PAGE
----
David Robjant


(71) Ammad asked:

What is the difference between philosophy and religion?

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All religions are founded on a belief in the existence of a deity or Supreme Being. This Supreme Being or God is considered to be the source of all creation, for which he is entitled to respect and worship. Proof of his being and His work is alleged to be found in ancient scripture. great faith is placed in such writings, many, particularly in the Judaeo-Christian faith, are considered to be the revelations of prophets, some of who claimed direct contact with God.

Most believers in religion form organizations, in some cases called churches, whose worship of the Higher Being or God can be made manifest. There is often an organized ritual or liturgy which is closely followed, which in Christian churches form the basis of a regularly performed 'service'. This is usually backed up by symbolism and powerful imagery. Essentially, the basis of all religious belief is faith, to believe without empirical confirmation, and by claiming an understanding of things unseen.

Philosophy on the other hand seeks confirmation of alleged truths, blind faith is, to a degree, frowned upon in the absence of constructive argument. Abstract arguments posed by religion are often the focus of philosophical debate, many of these entail a moral theme, with claims of reality for basic moral truths: these arguments are confronted head-on by philosophers who support a relative basis for morality.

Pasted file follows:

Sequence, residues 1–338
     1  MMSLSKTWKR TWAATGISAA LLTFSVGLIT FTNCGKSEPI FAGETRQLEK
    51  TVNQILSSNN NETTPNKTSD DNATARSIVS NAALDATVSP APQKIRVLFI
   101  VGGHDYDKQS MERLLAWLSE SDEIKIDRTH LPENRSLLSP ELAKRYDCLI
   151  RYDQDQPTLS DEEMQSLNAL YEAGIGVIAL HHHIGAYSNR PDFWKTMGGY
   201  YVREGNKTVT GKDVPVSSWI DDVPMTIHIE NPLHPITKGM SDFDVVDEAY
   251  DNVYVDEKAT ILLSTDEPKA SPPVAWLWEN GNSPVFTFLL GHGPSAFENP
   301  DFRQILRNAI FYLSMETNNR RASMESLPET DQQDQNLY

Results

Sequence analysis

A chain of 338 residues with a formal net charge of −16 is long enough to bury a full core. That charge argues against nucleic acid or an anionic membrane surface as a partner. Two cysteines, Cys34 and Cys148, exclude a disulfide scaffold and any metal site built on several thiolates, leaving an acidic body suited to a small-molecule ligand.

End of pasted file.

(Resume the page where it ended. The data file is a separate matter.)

Generally speaking, philosophy is basically investigative, though at the same time willing to present its own tentative theories; all is embedded in the essential search for knowledge and truth. Religion on the other hand also involves a search for truth and a moral foundation for the human race. However, as indicated above, the approach has a more mystic involvement and a greater dependence on faith. However, though philosophy may generate a popular idea that its scepticism is totally antagonistic to religion, this is not the case, and religion does have many supporters in certain branches of philosophy. The picture I have painted is a very loose general view, leaving out interesting facets of Eastern religions, and views of primitive faiths. Most certainly the lines between religion and philosophy are not always as clear cut as they may seem.

John Brandon